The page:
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U.S. Department of Health and Human Services

Inspections, Compliance, Enforcement, and Criminal Investigations

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December 2, 2011: Florida Man Sentenced for Receiving and Selling Stolen Diabetic Supplies


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Food and Drug Administration 
Office of Criminal Investigations




             U.S. Department of Justice Press Release



For Immediate Release
December 2, 2011


United States Attorney

Western District of Washington

Contact: Emily Langlie

Public Affairs Officer

(206) 553-4110



Defendant Sold Millions Worth of Insulin and Test Strips Stolen from Pharmacies Nationwide


            DONALD ALAN PEPIN, 57, of Jupiter, Florida, was sentenced today in U.S. District Court in Seattle to 28 months in prison, three years of supervised release and $823,577 in restitution for wire fraud in connection with his scheme to buy and distribute stolen diabetic supplies.  The scheme first came to light when the FDA Office of Criminal Investigations uncovered an Everett, Washington pharmacy technician stealing diabetic supplies from Providence Medical Center.  At sentencing today U.S. District Judge Robert S. Lasnik said PEPIN “was a good and decent person who went astray and lost his moral compass…. He became addicted to the money he could make from this.”  Judge Lasnik said it was important to send a message “that this type of crime, which is becoming more and more common over the internet, will not be tolerated.”


            PEPIN received the stolen insulin from around the country, and then resold it through his business: First Medical Resources, Inc. based in Florida.  The insulin was not refrigerated during shipping or storing, which made it unsafe for use.  The insulin and test strips were sold to pharmacies and other distributors.  Financial investigators determined that during the last five years, Pepin has paid in excess of $9.8 million to suppliers of stolen insulin such as Michael Ralph Worley, 43, of Camano Island, Washington.  Worley was placed on leave and ultimately terminated from Providence Medical Center in November 2008, when an internal audit revealed large amounts of insulin being ordered for that pharmacy, but not being used by patients.  The investigation of Worley’s thefts and reselling of diabetic supplies ultimately led to PEPIN.  Since the initial indictment in the case two years ago, over fifty individuals and business entities involved in the theft and sale of diabetic supplies have been identified for prosecution.  PEPIN, Worley and three other defendants were prosecuted in the Western District of Washington.  Other prosecutions have occurred in California, Michigan and Georgia.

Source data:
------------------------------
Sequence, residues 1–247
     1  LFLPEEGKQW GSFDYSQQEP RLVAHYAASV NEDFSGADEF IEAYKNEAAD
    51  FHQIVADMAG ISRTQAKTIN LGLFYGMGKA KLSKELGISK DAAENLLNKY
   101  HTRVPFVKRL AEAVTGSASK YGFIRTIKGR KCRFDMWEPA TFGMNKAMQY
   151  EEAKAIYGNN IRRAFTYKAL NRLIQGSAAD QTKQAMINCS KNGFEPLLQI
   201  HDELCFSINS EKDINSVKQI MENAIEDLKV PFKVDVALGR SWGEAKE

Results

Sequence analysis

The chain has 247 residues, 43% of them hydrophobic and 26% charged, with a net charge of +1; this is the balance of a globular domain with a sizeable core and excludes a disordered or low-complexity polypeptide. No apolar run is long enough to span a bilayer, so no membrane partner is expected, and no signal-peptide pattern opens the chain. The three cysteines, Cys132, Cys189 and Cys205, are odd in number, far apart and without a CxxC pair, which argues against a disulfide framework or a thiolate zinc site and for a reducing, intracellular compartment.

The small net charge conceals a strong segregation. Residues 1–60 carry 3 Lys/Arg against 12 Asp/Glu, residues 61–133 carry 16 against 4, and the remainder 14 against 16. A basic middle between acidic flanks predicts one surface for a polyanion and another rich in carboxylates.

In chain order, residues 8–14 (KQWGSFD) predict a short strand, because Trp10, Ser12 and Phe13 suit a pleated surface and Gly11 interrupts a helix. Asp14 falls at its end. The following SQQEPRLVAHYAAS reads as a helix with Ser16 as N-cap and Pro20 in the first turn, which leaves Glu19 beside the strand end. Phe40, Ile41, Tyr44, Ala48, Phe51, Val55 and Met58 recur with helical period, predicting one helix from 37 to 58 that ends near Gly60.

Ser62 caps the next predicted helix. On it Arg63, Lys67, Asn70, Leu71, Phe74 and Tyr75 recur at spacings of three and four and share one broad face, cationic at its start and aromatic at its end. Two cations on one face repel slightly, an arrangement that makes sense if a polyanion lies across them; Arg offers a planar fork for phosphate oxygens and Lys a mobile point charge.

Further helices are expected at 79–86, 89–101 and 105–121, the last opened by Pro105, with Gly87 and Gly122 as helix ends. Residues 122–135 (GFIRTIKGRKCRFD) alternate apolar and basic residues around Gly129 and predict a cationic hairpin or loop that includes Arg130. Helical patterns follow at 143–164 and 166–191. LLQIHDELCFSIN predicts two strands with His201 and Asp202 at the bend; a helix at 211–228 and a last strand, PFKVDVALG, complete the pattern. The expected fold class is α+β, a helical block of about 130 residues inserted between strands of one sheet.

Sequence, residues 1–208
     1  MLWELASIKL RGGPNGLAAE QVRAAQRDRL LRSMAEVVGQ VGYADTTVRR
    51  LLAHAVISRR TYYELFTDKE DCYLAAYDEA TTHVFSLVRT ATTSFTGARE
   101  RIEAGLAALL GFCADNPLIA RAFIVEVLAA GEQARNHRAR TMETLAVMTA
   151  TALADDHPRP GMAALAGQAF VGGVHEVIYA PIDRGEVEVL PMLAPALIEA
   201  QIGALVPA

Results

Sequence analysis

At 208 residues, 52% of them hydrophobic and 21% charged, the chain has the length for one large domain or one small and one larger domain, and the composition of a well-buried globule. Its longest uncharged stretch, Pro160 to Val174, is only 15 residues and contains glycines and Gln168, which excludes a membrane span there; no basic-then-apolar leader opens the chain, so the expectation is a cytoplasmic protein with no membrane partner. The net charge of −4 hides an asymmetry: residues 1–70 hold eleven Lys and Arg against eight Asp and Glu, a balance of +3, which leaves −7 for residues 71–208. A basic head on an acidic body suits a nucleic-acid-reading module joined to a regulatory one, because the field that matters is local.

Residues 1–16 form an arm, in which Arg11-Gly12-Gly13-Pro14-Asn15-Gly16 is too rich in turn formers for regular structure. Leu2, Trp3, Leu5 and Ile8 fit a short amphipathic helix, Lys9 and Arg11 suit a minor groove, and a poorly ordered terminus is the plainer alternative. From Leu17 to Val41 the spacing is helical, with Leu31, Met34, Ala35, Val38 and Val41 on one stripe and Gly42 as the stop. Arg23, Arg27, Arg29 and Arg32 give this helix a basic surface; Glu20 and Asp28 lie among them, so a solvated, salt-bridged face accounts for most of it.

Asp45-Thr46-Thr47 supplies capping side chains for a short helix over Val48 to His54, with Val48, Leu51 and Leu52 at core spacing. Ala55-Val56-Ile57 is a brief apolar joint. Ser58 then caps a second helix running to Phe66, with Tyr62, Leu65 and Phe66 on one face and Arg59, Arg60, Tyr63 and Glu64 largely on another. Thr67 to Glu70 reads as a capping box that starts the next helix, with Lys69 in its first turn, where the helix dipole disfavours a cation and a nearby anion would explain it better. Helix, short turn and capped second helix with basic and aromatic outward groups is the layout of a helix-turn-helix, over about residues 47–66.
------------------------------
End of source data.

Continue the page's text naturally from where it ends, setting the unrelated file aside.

In its request for a three year prison sentence, prosecutors wrote to the court that PEPIN’s conduct “resulted in millions of dollars of losses to hospitals, pharmacies and pharmaceutical companies.  It is doubtful that business victims in this case, will ever recoup their losses…. PEPIN’s conduct also put insulin users at risk.  In this case, FDA agents learned that PEPIN shipped and stored insulin without refrigeration.  The government is unable to determine if any insulin user suffered as the result of PEPIN’s conduct.”


            This case was investigated by the Food and Drug Administration Office of Criminal Investigations (FDA-CI), U.S. Immigration and Customs Enforcement’s (ICE) Homeland Security Investigations (HSI), the Drug Enforcement Administration (DEA), the Everett Police Department and the Washington State Board of Pharmacy.


            The case was prosecuted by Assistant United States Attorney Patricia Lally.